As soon as I entered his rooms, I knew that I was in the abode of an ardent spirit: on the floor, on the carpet, on the desk, on every available surface, lay a scattered profusion of objects of every description. There were papers, books, prints, and boxes innumerable with stockings, boots, shirts and other linen crammed among them. I observed that the carpet had already been stained and scorched in several places, which instinctively I ascribed to scientific experiment. He noticed my glance, and laughed. He had an immoderate laugh. "Sal ammoniac," he said. "Come and see my laboratory."
I followed him into the next room, where a narrow bed was lodged in a corner. He had set up a bench, upon which he had placed an electrical machine that I took to be a voltaic battery. Beside it was a solar microscope as well as several large glass jars and phials. "You are an experimenter," I said.
"Of course. And so should be every inquirer after knowledge. We do not need to read Aristotle. We need to look into the world."
"I also have a solar microscope."
"Do you? Did you hear that, Hogg?"
"I have been studying the corpuscles of life."
"And where have you found them?"
"In the water of the glaciers. In my own blood. The world is full of energy."
"Bravo!" He had become very eager, and he took my shoulders in a tight grasp. "There is another place where you will find life. In the storm!" I thought that he was about to embrace me, but he released me from his grip. I recognised later that he was curiously, almost unnaturally, sensitive to the very thoughts that passed through my mind. With some people there is no need whatsoever for words. Seeing a slight tremor in my eyes, he would always look away.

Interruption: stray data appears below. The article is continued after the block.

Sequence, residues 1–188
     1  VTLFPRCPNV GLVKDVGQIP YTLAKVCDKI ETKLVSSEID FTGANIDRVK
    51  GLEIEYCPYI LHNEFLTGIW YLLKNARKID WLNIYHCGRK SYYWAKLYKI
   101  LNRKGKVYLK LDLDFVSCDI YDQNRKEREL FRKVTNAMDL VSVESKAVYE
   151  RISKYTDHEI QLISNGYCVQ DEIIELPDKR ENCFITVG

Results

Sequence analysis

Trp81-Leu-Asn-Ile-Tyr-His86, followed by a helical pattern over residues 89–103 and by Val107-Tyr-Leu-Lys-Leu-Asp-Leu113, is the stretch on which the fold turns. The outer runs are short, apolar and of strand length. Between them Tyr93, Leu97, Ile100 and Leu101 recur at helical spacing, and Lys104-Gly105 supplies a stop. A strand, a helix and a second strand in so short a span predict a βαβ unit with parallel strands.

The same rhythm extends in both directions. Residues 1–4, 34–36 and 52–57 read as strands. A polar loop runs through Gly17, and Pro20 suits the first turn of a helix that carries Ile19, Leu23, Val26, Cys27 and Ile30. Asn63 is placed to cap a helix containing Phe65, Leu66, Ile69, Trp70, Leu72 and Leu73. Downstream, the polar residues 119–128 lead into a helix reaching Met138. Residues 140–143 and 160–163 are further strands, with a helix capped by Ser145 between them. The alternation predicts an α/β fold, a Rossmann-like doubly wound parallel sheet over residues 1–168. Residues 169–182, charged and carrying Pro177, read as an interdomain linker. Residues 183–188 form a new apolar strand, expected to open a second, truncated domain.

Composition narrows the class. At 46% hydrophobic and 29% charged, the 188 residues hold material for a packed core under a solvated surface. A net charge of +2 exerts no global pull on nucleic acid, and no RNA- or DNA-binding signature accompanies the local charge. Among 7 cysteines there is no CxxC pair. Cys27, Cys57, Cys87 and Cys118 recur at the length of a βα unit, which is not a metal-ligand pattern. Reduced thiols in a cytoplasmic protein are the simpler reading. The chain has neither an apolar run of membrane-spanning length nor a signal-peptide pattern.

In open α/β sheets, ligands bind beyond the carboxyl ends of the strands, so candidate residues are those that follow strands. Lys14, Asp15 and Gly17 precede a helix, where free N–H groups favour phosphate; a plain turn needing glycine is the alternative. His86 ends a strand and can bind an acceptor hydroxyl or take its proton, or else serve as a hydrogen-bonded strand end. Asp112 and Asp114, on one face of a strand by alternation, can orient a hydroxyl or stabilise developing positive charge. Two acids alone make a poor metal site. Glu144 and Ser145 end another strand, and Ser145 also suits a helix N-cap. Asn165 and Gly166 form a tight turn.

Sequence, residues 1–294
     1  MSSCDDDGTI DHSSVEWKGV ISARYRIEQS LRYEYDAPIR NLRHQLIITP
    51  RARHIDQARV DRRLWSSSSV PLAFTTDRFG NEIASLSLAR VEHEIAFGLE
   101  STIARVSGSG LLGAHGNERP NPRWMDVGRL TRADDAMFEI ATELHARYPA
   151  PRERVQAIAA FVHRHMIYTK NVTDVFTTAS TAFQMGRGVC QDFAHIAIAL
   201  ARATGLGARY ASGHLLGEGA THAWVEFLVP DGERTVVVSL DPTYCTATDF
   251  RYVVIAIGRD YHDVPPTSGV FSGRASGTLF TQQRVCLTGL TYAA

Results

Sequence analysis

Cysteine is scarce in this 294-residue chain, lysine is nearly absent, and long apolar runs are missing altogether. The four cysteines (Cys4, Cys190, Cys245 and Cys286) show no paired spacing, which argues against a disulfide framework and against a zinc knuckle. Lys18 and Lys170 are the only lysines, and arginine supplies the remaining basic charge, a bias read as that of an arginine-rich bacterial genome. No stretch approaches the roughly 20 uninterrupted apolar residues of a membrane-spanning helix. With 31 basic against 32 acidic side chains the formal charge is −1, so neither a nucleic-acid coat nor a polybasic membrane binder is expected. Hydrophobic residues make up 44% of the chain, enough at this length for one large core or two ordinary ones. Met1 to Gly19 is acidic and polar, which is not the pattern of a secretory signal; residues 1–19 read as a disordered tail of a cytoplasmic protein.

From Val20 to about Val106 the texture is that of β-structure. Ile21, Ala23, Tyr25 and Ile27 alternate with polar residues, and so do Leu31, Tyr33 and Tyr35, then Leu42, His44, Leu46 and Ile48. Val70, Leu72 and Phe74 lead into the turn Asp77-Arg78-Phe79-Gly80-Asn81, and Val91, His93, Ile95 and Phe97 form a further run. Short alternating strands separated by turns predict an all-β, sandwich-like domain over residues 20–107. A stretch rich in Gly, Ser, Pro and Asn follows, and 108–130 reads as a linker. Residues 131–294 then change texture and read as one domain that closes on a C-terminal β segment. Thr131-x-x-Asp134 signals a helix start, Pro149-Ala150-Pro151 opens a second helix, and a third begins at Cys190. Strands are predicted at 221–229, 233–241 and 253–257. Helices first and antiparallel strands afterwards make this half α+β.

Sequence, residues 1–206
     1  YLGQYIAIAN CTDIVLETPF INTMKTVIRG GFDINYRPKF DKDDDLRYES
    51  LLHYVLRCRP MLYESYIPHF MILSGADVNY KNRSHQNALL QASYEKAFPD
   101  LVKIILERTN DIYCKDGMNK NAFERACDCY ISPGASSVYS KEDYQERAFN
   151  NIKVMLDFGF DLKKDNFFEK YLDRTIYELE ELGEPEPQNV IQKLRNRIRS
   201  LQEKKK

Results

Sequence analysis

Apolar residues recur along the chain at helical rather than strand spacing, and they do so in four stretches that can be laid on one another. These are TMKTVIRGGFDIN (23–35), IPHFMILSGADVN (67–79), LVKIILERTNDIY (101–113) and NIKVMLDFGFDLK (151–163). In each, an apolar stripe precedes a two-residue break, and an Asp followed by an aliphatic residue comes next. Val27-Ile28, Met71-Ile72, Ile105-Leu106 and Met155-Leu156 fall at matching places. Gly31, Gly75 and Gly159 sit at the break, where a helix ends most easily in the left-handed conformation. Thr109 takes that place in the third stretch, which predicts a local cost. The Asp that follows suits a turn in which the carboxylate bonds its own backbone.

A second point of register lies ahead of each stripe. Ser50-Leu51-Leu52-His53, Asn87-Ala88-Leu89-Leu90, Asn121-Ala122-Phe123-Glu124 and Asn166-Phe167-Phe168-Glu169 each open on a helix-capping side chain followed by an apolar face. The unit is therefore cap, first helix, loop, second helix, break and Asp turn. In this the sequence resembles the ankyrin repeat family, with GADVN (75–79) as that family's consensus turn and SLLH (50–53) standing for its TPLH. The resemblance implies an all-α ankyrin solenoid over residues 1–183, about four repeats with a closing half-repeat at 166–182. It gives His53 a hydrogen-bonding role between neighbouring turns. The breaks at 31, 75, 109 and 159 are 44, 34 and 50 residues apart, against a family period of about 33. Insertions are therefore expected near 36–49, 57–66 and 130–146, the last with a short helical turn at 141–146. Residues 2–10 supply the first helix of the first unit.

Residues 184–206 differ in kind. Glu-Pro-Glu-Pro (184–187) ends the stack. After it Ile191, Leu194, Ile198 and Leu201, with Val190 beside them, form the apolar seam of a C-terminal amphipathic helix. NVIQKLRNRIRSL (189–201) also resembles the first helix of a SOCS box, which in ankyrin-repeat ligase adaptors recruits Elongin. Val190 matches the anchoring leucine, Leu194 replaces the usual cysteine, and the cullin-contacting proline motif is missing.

"Have you noticed the voltaic battery?" he asked me now. "It recreates the lightning flash. I have been like Isaac Newton. Staring into the light."
Bysshe was openly contemptuous of the regimen of the university, and attended no lectures. I was unsure, in fact, what studies he was meant to be pursuing. To him they did not matter in the slightest. There was one task that we were assigned by rote, that of translating each week an essay from the Spectator into Latin. This he accomplished with the greatest ease, and indeed he could write Latin with as much facility and fluency as he wrote English. He told me that the secret was to imagine himself a Roman orator in the first years of the Republic. This inspired him with such fervour that the words came naturally to him in their proper order. I did not doubt it. His imagination was like the voltaic battery from which lightning issued forth.
We would take long walks in the country outside Oxford, often following the Thames upward past Binsey and Godstow, or downstream to Iffley and its curious twelfth-century church. Bysshe loved the river with a passion I have seldom seen equalled, and would extol its merits over the languid Nile and the turbid Rhine. I had thought him all fire, but there were other elements in his constitution--fluent, pliant, fertile, like the water around us. On these expeditions he would often declaim to me the poetry of Coleridge on the powers of the imagination. "The poet dreams of that which the scientist deems to be impossible," he told me. "Once it is envisaged, then it is made true." He knelt down to examine a small flower, the name of which I did not know. "It is magnificent to aspire beyond the common reach of man."